In the presence of the city authorities, and with the acclaim of the inhabitants summoned by the bell, the Statute of Dubrovnik was promulgated on 29 May 1272. It defined the foundations of the legal system for more than five centuries (until the fall of the Republic in 1808), having become a powerful symbol of Dubrovnik’s collective identity and statehood.
Apart from concrete solutions to the needs of the local community, it incorporates a threefold tradition: urban culture of the Mediterranean cities, the principles of prudent administration articulated in the political thought and practice of the thirteenth century, and above all, the rich European legal heritage which in the Middle Ages developed on the legacy of the Roman and canon law.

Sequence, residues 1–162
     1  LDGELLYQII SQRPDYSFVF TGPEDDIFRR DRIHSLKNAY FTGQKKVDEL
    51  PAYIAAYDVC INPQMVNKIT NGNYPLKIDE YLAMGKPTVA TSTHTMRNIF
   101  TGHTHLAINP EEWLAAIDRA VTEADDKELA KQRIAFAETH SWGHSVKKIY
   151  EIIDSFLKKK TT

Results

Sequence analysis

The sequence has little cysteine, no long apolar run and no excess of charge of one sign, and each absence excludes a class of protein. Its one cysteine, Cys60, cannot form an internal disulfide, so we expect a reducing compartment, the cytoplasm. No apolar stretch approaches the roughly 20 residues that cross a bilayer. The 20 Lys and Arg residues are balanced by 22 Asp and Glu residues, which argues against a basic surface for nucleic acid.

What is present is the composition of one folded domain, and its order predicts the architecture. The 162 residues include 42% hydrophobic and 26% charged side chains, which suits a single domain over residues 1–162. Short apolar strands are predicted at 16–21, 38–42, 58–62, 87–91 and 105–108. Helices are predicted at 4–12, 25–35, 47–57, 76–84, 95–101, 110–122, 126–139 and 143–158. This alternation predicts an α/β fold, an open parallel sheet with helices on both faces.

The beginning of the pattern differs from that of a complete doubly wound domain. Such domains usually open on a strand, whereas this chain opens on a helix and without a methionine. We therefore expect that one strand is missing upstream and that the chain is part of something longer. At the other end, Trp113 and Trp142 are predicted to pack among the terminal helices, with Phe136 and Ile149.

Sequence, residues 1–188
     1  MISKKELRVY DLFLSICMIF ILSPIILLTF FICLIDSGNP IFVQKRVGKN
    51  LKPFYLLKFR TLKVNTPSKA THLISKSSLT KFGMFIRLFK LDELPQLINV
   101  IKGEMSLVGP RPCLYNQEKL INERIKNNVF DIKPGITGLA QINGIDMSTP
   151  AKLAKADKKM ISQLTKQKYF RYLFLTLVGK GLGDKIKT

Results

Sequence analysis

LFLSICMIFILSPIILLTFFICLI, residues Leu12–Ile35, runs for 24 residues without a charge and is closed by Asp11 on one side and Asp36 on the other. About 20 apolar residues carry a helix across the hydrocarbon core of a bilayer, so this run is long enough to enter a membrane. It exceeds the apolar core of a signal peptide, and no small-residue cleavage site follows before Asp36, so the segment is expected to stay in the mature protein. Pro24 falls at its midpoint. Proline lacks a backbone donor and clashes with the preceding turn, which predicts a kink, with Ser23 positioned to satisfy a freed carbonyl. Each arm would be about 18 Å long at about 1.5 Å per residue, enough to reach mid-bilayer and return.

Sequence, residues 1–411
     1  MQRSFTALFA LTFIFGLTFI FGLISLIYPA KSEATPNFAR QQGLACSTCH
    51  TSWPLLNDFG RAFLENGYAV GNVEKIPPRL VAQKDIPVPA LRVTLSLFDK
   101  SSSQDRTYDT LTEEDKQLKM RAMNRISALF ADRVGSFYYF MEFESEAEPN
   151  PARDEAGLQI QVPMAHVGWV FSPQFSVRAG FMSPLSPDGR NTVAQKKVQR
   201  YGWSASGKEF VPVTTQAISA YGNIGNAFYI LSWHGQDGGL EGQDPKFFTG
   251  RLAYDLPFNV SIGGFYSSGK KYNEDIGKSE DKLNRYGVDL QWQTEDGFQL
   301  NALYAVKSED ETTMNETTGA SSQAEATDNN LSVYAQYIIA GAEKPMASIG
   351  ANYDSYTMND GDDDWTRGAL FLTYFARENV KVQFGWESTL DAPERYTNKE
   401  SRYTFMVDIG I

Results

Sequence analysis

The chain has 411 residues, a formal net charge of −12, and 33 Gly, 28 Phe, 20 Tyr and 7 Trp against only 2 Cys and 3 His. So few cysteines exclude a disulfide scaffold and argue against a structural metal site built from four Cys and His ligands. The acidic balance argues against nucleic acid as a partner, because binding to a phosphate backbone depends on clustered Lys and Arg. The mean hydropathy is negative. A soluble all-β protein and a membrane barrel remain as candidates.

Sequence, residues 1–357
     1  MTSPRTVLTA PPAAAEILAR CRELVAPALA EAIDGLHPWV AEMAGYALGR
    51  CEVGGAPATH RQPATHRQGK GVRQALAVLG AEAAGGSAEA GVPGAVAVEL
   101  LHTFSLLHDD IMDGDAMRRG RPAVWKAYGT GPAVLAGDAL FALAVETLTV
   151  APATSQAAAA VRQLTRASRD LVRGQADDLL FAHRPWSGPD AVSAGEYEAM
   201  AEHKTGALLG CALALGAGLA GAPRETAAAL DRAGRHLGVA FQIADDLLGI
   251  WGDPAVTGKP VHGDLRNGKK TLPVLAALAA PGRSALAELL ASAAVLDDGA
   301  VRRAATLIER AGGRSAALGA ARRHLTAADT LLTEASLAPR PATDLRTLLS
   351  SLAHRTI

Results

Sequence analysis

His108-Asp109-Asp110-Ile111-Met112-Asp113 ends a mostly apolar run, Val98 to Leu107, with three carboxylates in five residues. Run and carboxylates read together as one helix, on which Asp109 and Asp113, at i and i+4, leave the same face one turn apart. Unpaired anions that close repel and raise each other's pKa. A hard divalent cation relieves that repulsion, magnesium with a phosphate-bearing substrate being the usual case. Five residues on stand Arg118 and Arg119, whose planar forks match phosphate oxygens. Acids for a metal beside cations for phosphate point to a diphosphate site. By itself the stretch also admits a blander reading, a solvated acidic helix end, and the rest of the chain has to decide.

Originally written in Latin, in more recent times the text of the Statute has been translated into Croatian and English. With its chapters on administration and judiciary, on family and inheritance law, on crimes and penalties, on the challenges of maritime trade and urban setting, the Statute of Dubrovnik is an ideal companion to the early centuries of Dubrovnik’s and European legal culture, and a colourful source of the everyday life of a medieval Mediterranean city.